Standard 2D Ultrasound Examination of the Heart

The STANDARD ultrasound examination of the fetus has been agreed upon between three professional organizations, the American Institute of Ultrasound in Medicine (AIUM)) (2003), the American College of Radiology (ACR) (2003), and the American College of Obstetricians and Gynecologists (ACOG) (2004). All three organizations recommend identical protocols for imaging the fetus; irrespective of whether the examination is performed by a radiologist, obstetrician, or specialist in fetal-maternal medicine. The section on Screening Ultrasound covers all of the components of the STANDARD ultrasound examination in more detail. This section will focus on the examination of the fetal heart.

When ultrasound was first used in the early 1980's to identify the fetal heart investigators were uncertain as to the approach that should be used to identify congenital heart defects. During this time period Dr. DeVore was one of the early pioneers in the development of this technology (see Dr. DeVore's publications). One of the difficulties, however, was how to approach examination of the fetal heart so that those not experienced in Fetal Echocardiography could identify heart defects. In 1985 Dr. DeVore published one of the first papers suggesting that abnormalities of the four-chamber view of the heart could identify fetuses with heart defects. This was followed by numerous studies confirming this observation made by Dr. DeVore. The STANDARD examination of the heart is as follows:

The basic cardiac examination includes a 4-chamber view of the fetal heart. If technically feasible, an extended basic cardiac examination can also be attempted to evaluate both outflow tracts.

What is the Four-Chamber View of the Heart?

When the ultrasound beam is directed perpendicular to the chest of the fetus four-chambers of the fetal heart are identified. These chambers consist of the right and left atrial and ventricular chambers, with their respective valves that connect the atrial with the ventricular chambers. In 1985 Dr. DeVore suggested that, because of fetal circulation, abnormal cardiac anatomy could alter the way in which the four-chamber view appeared. A number of subsequent studies validated this concept. The following images illustrate the ultrasound approach used to examine the four-chamber view.


Imaging the four-chamber view is accomplished by directing the ultrasound beam perpendicular to the fetal chest. At this level, the four-chamber view is identified. This view contains the right atrium (RA), left atrium (LA), right ventricle (RV) and left ventricle (LV).


This is the four-chamber view of the fetal heart.

Examples of Abnormalities of the Four-Chamber View

The following are examples of abnormalities of the four-chamber view. To view the beating heart, click on the play button for each video clip.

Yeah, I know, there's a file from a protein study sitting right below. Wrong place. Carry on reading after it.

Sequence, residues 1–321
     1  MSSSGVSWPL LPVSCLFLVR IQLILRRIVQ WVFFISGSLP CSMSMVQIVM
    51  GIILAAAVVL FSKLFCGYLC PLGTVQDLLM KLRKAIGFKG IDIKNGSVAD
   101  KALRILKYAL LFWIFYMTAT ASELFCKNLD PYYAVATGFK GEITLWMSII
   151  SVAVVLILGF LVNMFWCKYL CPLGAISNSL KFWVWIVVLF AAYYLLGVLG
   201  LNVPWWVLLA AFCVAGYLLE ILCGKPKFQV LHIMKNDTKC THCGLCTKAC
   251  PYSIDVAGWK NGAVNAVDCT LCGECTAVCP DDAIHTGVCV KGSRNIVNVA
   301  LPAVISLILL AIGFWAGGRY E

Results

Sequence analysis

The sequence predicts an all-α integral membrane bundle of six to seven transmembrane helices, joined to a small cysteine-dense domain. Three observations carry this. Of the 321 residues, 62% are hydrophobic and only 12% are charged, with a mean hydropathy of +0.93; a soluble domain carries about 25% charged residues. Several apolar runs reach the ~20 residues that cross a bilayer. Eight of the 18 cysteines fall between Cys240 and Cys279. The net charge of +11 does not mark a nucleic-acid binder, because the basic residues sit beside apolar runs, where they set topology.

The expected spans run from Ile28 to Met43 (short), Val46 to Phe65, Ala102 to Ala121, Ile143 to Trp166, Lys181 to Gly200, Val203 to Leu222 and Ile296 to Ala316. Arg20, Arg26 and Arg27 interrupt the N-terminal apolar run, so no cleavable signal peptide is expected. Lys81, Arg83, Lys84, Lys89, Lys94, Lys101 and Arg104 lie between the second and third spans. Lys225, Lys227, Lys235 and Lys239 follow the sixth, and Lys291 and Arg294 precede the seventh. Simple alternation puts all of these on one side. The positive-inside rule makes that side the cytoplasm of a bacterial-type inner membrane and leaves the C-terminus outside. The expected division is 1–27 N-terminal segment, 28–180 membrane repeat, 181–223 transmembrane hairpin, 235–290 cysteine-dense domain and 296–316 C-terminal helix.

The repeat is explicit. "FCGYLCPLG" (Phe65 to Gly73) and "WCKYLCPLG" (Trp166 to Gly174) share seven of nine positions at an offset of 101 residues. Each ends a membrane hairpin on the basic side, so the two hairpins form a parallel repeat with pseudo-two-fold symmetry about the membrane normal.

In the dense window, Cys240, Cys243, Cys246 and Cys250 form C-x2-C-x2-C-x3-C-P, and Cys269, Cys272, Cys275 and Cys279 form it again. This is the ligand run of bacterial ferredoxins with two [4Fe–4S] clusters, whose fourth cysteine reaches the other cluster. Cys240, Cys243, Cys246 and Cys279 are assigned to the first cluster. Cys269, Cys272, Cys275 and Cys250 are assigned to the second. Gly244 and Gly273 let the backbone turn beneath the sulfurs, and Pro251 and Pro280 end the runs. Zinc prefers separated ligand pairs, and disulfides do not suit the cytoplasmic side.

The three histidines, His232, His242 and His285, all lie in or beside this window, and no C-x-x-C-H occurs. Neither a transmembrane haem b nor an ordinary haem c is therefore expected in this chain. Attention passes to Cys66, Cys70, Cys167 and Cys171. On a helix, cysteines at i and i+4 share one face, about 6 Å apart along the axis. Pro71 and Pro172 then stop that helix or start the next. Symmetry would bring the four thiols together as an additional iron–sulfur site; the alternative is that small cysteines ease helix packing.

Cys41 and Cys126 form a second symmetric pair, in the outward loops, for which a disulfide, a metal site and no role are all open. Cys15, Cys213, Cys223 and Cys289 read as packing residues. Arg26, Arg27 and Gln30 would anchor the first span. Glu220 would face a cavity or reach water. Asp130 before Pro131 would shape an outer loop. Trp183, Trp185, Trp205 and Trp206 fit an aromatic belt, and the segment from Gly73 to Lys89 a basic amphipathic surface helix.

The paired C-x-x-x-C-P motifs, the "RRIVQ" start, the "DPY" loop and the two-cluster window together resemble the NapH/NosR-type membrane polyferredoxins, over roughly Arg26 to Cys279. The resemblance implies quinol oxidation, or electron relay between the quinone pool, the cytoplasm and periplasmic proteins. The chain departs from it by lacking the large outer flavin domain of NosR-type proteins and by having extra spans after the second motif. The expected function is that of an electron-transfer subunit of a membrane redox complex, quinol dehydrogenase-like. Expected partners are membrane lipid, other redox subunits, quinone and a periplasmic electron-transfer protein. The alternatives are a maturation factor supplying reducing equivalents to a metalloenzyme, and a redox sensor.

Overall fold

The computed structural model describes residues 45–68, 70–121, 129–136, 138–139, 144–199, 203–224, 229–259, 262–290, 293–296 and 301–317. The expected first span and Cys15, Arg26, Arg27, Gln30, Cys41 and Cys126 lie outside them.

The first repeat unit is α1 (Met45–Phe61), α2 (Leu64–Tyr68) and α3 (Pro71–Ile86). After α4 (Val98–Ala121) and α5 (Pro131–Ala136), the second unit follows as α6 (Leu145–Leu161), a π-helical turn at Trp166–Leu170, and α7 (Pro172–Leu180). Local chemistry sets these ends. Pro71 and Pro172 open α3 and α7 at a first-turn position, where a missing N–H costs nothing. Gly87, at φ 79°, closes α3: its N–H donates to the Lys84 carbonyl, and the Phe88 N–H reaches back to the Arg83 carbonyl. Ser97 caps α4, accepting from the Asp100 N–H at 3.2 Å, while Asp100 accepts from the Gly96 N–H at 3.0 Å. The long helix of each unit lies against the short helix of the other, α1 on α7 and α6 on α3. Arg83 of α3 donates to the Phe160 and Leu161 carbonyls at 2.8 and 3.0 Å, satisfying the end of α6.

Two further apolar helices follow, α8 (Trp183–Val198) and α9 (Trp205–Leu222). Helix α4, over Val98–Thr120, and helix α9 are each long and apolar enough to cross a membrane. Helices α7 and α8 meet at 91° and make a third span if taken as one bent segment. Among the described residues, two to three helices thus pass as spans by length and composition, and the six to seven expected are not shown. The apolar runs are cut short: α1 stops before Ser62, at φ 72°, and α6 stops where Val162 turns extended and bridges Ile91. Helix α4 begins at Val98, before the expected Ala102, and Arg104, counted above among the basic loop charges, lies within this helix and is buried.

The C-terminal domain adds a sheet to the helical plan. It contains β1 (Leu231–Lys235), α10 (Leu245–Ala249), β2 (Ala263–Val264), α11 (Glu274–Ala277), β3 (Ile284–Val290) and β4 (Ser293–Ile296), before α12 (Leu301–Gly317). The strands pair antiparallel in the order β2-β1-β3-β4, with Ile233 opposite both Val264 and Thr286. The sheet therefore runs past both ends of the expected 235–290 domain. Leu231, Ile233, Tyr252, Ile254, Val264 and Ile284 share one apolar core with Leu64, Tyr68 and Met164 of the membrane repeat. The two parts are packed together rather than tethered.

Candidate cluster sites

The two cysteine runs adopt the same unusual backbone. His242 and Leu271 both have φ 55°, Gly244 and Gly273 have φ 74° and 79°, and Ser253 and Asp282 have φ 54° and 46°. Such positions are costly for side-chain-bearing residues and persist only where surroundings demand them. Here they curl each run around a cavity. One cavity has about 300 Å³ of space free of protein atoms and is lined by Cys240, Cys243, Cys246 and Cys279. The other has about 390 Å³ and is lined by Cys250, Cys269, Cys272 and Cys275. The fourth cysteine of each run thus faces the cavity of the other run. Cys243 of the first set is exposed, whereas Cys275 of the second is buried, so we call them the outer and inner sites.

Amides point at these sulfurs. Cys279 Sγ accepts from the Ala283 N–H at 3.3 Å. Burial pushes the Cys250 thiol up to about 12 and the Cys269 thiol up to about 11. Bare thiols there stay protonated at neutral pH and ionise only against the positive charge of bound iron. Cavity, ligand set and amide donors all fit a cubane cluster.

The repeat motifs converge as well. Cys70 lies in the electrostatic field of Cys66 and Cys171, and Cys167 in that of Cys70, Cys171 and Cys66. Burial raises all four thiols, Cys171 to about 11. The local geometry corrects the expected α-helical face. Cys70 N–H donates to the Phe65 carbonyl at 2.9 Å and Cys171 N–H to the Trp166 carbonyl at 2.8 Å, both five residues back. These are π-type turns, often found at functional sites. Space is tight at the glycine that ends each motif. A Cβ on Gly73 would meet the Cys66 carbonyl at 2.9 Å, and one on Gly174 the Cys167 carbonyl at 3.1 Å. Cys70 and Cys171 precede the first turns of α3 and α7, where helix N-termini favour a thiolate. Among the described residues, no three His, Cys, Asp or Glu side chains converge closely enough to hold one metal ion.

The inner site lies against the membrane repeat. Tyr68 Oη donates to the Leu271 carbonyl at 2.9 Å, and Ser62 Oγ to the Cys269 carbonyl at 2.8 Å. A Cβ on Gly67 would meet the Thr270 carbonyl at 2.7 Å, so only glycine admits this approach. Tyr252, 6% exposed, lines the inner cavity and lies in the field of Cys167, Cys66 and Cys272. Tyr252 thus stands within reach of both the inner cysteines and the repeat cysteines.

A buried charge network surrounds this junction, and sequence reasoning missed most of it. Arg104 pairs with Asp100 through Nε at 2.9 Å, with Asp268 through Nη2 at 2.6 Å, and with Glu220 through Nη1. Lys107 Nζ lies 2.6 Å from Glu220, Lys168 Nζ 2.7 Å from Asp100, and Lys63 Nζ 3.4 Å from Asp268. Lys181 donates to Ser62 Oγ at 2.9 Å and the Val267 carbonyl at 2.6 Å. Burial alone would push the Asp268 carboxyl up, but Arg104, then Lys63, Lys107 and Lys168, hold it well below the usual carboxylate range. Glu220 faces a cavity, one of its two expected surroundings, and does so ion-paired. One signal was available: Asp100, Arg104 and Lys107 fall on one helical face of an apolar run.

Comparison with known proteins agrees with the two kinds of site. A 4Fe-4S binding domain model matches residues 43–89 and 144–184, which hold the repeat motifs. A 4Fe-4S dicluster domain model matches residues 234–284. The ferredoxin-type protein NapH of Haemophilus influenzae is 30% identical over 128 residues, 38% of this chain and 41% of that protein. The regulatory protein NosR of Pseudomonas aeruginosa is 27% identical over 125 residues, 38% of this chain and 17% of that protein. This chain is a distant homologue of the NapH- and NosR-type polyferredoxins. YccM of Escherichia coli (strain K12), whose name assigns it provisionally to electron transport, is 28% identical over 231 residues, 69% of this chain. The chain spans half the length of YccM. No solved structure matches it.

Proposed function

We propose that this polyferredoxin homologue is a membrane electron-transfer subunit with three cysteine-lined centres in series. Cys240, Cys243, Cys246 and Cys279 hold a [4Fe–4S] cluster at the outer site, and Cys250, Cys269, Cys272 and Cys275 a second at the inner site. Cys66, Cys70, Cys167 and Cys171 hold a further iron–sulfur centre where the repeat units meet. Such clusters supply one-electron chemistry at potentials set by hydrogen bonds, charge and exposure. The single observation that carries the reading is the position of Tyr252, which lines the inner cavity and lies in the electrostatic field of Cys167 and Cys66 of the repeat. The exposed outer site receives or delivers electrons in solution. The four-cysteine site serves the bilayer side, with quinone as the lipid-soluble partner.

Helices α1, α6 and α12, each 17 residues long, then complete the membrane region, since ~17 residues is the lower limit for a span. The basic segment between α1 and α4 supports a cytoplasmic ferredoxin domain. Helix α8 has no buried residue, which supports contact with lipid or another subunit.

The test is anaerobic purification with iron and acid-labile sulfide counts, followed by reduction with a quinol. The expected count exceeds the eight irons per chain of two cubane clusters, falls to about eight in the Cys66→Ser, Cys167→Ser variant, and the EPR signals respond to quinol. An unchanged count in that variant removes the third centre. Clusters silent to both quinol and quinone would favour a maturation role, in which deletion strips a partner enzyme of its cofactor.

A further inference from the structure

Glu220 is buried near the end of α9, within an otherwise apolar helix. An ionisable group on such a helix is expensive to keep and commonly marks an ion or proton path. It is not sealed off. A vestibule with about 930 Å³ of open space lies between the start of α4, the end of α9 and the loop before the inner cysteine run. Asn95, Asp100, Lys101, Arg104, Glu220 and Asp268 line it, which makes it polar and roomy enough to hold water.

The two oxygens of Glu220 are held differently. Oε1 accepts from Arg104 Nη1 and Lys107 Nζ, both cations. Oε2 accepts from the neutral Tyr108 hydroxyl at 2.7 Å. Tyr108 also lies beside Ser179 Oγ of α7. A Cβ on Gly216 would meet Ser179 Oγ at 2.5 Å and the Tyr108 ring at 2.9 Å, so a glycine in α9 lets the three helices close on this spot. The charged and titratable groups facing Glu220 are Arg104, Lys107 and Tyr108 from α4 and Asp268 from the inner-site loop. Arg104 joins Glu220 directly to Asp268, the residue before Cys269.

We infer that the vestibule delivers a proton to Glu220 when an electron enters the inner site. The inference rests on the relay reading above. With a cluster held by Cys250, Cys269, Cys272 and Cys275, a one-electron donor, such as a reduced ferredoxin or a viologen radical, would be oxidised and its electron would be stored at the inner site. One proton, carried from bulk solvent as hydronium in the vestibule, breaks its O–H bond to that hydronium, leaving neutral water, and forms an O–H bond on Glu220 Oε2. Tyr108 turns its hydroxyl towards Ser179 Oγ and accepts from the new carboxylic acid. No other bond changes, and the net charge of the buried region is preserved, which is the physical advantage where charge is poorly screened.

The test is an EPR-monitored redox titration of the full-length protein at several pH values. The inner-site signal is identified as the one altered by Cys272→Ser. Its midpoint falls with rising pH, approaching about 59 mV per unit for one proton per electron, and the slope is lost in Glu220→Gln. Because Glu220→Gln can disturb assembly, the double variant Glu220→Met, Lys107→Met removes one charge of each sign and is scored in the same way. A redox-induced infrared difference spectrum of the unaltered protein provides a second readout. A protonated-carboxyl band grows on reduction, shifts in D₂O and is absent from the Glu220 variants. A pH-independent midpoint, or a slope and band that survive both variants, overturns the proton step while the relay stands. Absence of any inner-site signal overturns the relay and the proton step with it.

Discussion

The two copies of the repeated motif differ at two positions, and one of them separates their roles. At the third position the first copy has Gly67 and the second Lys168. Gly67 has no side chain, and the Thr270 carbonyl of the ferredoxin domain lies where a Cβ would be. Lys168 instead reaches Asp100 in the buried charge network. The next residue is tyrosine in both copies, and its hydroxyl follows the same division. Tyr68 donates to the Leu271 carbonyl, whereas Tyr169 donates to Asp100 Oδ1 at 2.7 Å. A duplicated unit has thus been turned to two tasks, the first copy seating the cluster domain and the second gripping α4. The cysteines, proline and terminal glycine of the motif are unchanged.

Normal 4-Chamber View

Hypoplastic left ventricle. This is the result of underdevelopment of the left ventricular chamber, left atrial chamber, mitral valve and aortic valve.

Labeled Image of the hypoplastic left ventricle. RV=right ventricle, LV=left ventricle, RA=right atrium, LA=left atrium

Normal 4-Chamber View

This is an example of an abnormal tricuspid valve of the right ventricle. The valve is displaced low in the right ventricular chamber. This results in changes in the four-chamber view that include a larger right atrium, smaller left atrium, and abnormal valve motion of the tricuspid valve.

Labeled Image of the hypoplastic left ventricle. RV=right ventricle, LV=left ventricle, RA=right atrium, LA=left atrium

Normal 4-Chamber View

This is an example of an endocardial cushion defect, often seen in fetuses with Down syndrome. When this is present there is a ventricular and atrial septal defect which means that a portion of the wall dividing the left and right sides of the heart is missing.

This is an endocardial cushion defect. The arrows demonstrate the absence of the ventricular and atrial septum. There is also fluid around the edge of the heart (PE) that should not be present. LV=left ventricle, LA=left atrium, RV=right ventricle, RA=right atrium

Limitations of the Four-Chamber View

Although the four-chamber view is useful for identifying abnormalities of the fetal heart, several defects may not always demonstrate an abnormal four-chamber view. The reason for this is because heart defects may only involve the outflow tracts. The outflow tracts consist of the main pulmonary artery exiting the right ventricle and the aorta exiting the left ventricle. The reason that the four-chamber view does not identify these malformations is because the image of the four-chamber view is obtained at the level of the ventricles and atria, and not at the levels of the outflow tracts.